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A tedious middle chapter, September 22, 2023
In one review or other I know I mentioned a game I used to play with my college friends, where we’d try to determine the smallest possible unit of goodness in a particular field – like, we determined that when it came to music, Jimmy Eat World’s song The Middle was the example to pick, because while it was good, it was good in a minor, sort of boring way, and if it were any less good, it would be bad (I could not now reconstruct the rationale for this determination if I tried, but I remember we were very confident about it). The reason this memory came back to me while I was playing Jesse Stavro’s Compass is that I uncharitably wondered whether it might be the mirror image of the thing we spent so much time looking for: a piece of IF that’s somehow only an inch away from being good, but nevertheless winds up slightly, boringly bad.
You wouldn’t necessarily think that based on the setup: the game opens with the protagonist reaching an empty motel in the desert in search of his friend Jesse. All is not as it seems, though; Jesse and the protagonist are both part of an occult underground who can travel through space using what are basically magic portals, which are locked and inert unless you happen to know the key, and this motel happens to be a nexus of many different gates. Jesse’s been able to travel through time, too – last you heard, he was following the Dead – but he also might have run afoul of one of the various larger factions with their own agendas for the network of portals. It’s not a bad pitch – some of the specifics feel a little derivative of the DnD Planescape setting, but hey, I like Planescape – but it’s conveyed in a very dry, expository fashion via a series of short journal entries that communicate what’s going on but aren’t especially engaging.
This slightly-downer vibe of solid ideas with low-energy execution stuck with me through the rest of the game. There are fair number of different locations to visit, for example, including a nice apartment building and a riverboat, but the maps are too big, with multiple empty locations and redundant, copy-and-pasted descriptions that make exploration feel enervating rather than exciting. There are cutscenes that progress the story, but they assume deeper investment in the game’s lore than I was able to muster, and often go on too long (there’s an extended tarot reading where you need to sit through a maundering explanation of ten different cards, with the only interactive element an occasional “Do you understand? Y/N” prompt). There are a bunch of characters, but none of them have voices that stand especially out from the baseline, often-profane authorial style – like, there’s one rich guy who owns the penthouse apartment and we’re told his every gesture “conveys an aura of refined sophistication”, and after you take a shower he tells you that he’s glad that you “no longer look like ass”.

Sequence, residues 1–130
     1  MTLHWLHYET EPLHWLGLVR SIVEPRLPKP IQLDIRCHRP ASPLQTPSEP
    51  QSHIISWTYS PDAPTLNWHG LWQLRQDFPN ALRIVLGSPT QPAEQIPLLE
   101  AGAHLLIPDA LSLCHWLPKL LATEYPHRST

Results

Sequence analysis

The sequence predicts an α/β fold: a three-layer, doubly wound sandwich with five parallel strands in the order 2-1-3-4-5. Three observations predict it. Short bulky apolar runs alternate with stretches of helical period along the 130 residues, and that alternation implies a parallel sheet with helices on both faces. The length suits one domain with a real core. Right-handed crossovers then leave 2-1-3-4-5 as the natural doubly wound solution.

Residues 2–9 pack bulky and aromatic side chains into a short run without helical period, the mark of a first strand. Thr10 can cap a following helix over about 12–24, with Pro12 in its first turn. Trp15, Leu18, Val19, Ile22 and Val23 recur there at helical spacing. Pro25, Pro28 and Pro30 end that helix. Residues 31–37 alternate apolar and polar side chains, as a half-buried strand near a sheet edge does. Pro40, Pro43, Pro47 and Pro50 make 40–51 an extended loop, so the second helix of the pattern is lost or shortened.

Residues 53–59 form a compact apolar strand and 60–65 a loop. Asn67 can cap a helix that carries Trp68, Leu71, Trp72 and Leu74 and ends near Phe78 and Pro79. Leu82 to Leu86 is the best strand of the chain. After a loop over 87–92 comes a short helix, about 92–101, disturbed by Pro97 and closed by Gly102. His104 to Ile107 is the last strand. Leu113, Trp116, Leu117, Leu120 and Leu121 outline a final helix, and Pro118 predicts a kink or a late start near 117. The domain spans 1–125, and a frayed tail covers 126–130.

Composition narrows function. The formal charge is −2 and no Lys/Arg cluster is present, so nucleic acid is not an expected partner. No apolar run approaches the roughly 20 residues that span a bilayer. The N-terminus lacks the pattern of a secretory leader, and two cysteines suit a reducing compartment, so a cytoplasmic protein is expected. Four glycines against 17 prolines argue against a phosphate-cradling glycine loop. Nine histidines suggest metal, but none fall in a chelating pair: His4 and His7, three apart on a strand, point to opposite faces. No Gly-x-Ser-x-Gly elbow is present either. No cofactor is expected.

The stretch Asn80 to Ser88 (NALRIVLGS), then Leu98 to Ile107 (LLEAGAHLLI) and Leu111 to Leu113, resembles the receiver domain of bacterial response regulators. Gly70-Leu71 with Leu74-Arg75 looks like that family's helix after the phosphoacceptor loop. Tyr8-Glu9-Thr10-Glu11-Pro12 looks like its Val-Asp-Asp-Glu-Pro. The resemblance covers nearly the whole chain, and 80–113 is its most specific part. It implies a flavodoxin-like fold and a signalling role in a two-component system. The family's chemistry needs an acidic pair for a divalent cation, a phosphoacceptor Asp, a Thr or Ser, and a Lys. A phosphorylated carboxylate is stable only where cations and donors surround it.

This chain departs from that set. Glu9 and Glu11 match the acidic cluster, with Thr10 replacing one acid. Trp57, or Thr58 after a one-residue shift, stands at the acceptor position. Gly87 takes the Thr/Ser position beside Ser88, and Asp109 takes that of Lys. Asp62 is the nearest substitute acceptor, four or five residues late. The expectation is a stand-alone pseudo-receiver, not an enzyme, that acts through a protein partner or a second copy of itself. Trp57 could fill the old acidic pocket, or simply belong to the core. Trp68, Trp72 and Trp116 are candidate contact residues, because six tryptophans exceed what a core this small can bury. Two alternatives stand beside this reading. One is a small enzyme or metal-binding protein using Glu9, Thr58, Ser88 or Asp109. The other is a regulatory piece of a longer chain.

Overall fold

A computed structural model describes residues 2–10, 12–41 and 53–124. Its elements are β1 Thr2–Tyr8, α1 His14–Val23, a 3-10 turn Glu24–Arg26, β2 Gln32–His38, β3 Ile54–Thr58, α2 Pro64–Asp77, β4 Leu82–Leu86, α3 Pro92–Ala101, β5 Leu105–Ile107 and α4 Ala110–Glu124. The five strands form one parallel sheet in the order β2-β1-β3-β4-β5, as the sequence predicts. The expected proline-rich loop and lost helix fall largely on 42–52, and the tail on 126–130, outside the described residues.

The puzzles and challenges are the same way, too, reasonable in theory but underwhelming in practice. There’s one where you need to lure a cat in from a ledge using some cat food, but if you drop the can right next to the cat or right next to the window rather than the intended spot in the middle of the ledge, there’s no feedback that you’re on the right track or rationale for why nothing’s happening. Midway through, one of the factions mentioned in the backstory mount a surprise attack, and you need to shoot your way through a bunch of near-identical goons; the combat is governed by chance, so all there is to do is blast away and undo-scum if things don’t go your way, which doesn’t lead to much in the way of pulse-pounding excitement (this sequence did elicit an emotional response, though, since I felt awkward when I realized that the only Asian characters in the game were a legion of interchangeable goons whose only purpose was to show up and take a bullet).
I should emphasize that there’s clearly been a lot of effort put into the game; it’s technically clean, the world is big, and there’s even an achievement system. Plus I suspect it suffers from being the middle part what appears to be a trilogy – the bottom-lined recap that opens the game presumably would land better if I’d actually played the prior installment, and the low-context infodump at the ending would presumably be more compelling if I could immediately see where it leads. Middle segments are hard!
Still, they’re not impossible – The Two Towers and Empire Strikes Back are the best parts of their respective trilogies, after all. For example, that dull summary that opens the game could have been turned into a more engaging flashback that actually gave the player a reason to invest in their relationship to Jesse, and did some showing rather than mere telling to establish the supernatural elements of the setting (honestly, this would probably have been a good idea even for folks who’d played the first installment, given that it was released almost a decade ago and under a different authorial nom de plume, at that).
Circling back to my extended and not-that-illuminating Jimmy Eat World metaphor from the top of the review, despite all these cavils I didn’t have an awful time with this one. But unlike how I would listen to The Middle, think to myself “this is fine”, but notice my foot tapping along nonetheless, I played the game, thought to myself “this is fine”, and then my foot resolutely refused to move. Jesse Stavro’s Compass could rock, at least a little, and it might not take big changes to get there – just a lot of little changes to flip all those moments of slight irritation, slight awkwardness, or slight boredom to their opposites.